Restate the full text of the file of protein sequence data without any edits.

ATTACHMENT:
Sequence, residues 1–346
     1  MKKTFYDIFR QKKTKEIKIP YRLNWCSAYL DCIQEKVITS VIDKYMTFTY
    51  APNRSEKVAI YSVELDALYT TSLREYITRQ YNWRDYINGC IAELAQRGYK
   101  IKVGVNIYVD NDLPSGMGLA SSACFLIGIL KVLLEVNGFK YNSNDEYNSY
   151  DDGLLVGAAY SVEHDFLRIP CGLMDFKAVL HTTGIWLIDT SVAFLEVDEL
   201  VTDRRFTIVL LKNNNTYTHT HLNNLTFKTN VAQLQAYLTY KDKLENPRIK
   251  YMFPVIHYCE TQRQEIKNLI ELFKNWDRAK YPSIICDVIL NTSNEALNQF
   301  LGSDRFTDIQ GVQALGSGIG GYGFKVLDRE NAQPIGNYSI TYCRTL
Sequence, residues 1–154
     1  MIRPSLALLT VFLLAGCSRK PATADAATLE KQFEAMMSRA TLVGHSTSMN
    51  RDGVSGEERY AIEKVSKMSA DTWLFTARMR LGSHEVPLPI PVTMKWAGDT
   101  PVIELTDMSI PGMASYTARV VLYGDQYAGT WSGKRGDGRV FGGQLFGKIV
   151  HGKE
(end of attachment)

Sequence, residues 1–346
     1  MKKTFYDIFR QKKTKEIKIP YRLNWCSAYL DCIQEKVITS VIDKYMTFTY
    51  APNRSEKVAI YSVELDALYT TSLREYITRQ YNWRDYINGC IAELAQRGYK
   101  IKVGVNIYVD NDLPSGMGLA SSACFLIGIL KVLLEVNGFK YNSNDEYNSY
   151  DDGLLVGAAY SVEHDFLRIP CGLMDFKAVL HTTGIWLIDT SVAFLEVDEL
   201  VTDRRFTIVL LKNNNTYTHT HLNNLTFKTN VAQLQAYLTY KDKLENPRIK
   251  YMFPVIHYCE TQRQEIKNLI ELFKNWDRAK YPSIICDVIL NTSNEALNQF
   301  LGSDRFTDIQ GVQALGSGIG GYGFKVLDRE NAQPIGNYSI TYCRTL
Sequence, residues 1–154
     1  MIRPSLALLT VFLLAGCSRK PATADAATLE KQFEAMMSRA TLVGHSTSMN
    51  RDGVSGEERY AIEKVSKMSA DTWLFTARMR LGSHEVPLPI PVTMKWAGDT
   101  PVIELTDMSI PGMASYTARV VLYGDQYAGT WSGKRGDGRV FGGQLFGKIV
   151  HGKE